Bis Keemiya is best described as being somewhere between a samosa and a spring roll. It is a crispy pastry commonly filled with cabbage, egg, tuna, or a combination thereof. Some people even include spicy vegetables to give it an extra kick.
Bis Keemiya can be baked; however, many will agree that it is best enjoyed when deep fried. This gives it a crispier texture, making it even tastier. And let’s not forget the dipping sauce.
The local dish is often served as a snack and can be found at various street cafés or vendors in areas such as Male and Hulhumale. Each pastry will cost you as little as MVR 2 ($0.13) and is a quick and easy bite for those on the go.
If you’re planning a dinner date, be sure to find a restaurant that serves lobster. Maldivian live lobster is one of the country’s most popular dishes.
Ordering one of these at a restaurant is a thrilling experience, as the lobster is cooked in front of you. This way, you’re able to enjoy it while it’s hot and fresh.
This lively dish is served at many of the best restaurants and resorts in the Maldives, including Ithaa Undersea Restaurant and Sea Fire Salt, among others. Each restaurant has its own spin on the dish and guarantees a flavorful adventure for your tastebuds.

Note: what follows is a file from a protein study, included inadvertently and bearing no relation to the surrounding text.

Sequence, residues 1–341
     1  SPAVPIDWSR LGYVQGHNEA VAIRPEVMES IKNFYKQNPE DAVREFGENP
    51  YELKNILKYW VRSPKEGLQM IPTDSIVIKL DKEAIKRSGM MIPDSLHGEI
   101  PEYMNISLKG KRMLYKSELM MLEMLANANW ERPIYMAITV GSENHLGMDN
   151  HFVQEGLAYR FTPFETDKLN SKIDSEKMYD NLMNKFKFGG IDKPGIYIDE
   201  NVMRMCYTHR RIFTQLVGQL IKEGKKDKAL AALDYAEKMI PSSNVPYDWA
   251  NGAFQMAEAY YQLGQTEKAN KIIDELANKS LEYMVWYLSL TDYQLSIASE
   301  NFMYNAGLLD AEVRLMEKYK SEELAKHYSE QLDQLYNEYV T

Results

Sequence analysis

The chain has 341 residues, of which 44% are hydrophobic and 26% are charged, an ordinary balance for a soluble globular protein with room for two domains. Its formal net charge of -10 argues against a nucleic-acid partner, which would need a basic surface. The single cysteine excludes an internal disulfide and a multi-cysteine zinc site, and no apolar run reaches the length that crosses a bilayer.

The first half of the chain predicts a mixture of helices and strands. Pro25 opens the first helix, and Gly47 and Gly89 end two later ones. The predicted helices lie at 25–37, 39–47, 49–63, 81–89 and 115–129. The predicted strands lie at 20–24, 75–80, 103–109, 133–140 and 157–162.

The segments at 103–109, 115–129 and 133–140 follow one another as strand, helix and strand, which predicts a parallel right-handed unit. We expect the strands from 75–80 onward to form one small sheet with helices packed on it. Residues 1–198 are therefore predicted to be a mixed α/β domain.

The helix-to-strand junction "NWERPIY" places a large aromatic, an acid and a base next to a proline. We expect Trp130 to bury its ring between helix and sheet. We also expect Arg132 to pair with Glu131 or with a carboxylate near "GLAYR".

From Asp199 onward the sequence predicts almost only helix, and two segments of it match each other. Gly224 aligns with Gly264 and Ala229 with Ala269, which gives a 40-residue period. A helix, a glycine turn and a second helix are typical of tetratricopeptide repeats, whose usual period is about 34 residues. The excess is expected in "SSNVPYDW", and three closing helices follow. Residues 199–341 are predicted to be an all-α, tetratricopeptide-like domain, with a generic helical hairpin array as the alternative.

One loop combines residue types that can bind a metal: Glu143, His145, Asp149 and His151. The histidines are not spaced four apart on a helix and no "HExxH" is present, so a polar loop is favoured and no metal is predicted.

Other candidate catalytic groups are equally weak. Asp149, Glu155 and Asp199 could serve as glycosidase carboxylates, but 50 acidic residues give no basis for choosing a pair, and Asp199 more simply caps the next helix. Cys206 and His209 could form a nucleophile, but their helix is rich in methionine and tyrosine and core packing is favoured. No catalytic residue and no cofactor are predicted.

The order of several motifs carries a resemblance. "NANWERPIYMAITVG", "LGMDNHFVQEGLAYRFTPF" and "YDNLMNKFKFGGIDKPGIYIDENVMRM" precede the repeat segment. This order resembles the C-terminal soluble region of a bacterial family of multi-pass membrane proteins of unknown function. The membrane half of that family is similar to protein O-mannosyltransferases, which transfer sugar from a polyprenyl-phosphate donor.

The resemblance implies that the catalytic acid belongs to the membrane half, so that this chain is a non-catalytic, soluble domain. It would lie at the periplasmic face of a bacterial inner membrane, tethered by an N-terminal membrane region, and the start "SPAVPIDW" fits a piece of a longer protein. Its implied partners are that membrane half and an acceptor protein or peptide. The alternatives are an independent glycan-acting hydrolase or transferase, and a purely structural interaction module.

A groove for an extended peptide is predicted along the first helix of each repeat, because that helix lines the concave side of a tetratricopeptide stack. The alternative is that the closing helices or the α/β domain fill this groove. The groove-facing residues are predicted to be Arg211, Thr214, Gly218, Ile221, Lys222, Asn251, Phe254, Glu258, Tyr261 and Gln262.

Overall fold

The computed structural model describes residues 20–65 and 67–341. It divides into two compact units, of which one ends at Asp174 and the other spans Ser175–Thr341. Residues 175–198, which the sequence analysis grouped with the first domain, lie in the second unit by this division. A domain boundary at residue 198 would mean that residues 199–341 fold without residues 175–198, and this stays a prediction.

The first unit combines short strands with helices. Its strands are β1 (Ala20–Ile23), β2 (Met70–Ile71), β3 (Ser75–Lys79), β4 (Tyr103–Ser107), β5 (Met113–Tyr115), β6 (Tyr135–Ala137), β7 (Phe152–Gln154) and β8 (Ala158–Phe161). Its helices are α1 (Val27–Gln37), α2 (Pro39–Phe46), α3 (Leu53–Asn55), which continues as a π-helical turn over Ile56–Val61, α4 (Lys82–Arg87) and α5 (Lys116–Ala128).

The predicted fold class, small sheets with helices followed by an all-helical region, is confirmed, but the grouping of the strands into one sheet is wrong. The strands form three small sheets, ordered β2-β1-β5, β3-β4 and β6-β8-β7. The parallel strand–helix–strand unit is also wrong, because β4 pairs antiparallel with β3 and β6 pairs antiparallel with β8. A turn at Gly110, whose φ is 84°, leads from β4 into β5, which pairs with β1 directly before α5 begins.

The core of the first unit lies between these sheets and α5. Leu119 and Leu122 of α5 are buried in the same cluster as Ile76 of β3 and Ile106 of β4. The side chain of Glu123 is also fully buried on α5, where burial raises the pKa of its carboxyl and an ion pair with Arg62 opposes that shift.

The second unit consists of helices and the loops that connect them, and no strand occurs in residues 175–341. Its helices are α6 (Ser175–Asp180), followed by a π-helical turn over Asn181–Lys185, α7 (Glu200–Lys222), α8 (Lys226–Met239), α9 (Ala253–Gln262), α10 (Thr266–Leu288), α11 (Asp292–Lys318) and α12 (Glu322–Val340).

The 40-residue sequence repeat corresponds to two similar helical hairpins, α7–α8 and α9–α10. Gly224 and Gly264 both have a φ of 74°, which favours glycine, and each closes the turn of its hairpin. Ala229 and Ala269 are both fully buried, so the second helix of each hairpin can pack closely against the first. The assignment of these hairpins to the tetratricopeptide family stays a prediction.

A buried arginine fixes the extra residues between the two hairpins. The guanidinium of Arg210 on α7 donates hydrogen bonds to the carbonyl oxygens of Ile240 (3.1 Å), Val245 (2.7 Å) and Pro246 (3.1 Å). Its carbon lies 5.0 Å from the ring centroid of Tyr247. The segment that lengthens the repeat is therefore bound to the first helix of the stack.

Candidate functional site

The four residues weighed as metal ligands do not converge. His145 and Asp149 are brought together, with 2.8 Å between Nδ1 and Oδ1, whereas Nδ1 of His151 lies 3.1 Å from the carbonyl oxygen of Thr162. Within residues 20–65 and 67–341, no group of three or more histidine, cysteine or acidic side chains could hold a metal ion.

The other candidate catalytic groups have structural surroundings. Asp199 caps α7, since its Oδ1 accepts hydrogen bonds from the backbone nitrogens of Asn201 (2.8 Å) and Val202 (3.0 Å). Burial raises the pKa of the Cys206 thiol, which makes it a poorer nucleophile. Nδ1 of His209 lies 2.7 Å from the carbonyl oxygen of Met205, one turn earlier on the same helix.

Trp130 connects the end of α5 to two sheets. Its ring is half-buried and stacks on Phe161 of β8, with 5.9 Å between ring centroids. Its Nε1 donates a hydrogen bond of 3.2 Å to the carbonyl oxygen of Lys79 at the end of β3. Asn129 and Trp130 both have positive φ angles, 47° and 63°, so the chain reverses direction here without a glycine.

Lobster dishes in the Maldives are relatively affordable, depending on the place you visit. Prices range from MVR 250 ($16.2) to MVR 400 ($32.4). However, lobster and other foods tend to be more expensive in resorts and can cost you upwards of MVR 3,860 ($250). But with this, you get better quality food, excellent service, breathtaking views, and a greater overall experience.
Nonetheless, if you’re a seafood fan, then Maldivian live lobster is a must!
Masroshi is another one of the Maldives’ famous tuna-based dishes. It is typically a stuffed chapati with smoked tuna and coconut filling. Some also include curry leaves, ginger, garlic, onions, and peppers for additional flavor.
The best part of this dish is the dough itself. It’s kneaded with warm water, salt, and oil and is cooked until it is a beautiful golden brown. Complete with a delicious filling, it’s no wonder this is a favorite amongst locals and those Muslim tourists visiting the archipelago.